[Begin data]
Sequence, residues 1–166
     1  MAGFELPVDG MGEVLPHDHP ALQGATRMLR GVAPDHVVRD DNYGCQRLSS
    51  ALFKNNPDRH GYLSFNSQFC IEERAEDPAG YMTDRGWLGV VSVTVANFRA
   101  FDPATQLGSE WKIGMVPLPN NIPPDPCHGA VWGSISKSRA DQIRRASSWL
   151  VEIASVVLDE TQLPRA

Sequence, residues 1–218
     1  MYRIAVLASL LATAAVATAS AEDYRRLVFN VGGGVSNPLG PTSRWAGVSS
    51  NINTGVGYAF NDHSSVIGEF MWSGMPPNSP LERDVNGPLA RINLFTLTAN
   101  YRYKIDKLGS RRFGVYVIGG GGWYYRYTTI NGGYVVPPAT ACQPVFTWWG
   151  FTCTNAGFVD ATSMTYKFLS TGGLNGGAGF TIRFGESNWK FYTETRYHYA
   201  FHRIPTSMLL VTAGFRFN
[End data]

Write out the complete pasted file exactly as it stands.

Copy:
Sequence, residues 1–166
     1  MAGFELPVDG MGEVLPHDHP ALQGATRMLR GVAPDHVVRD DNYGCQRLSS
    51  ALFKNNPDRH GYLSFNSQFC IEERAEDPAG YMTDRGWLGV VSVTVANFRA
   101  FDPATQLGSE WKIGMVPLPN NIPPDPCHGA VWGSISKSRA DQIRRASSWL
   151  VEIASVVLDE TQLPRA

Sequence, residues 1–218
     1  MYRIAVLASL LATAAVATAS AEDYRRLVFN VGGGVSNPLG PTSRWAGVSS
    51  NINTGVGYAF NDHSSVIGEF MWSGMPPNSP LERDVNGPLA RINLFTLTAN
   101  YRYKIDKLGS RRFGVYVIGG GGWYYRYTTI NGGYVVPPAT ACQPVFTWWG
   151  FTCTNAGFVD ATSMTYKFLS TGGLNGGAGF TIRFGESNWK FYTETRYHYA
   201  FHRIPTSMLL VTAGFRFN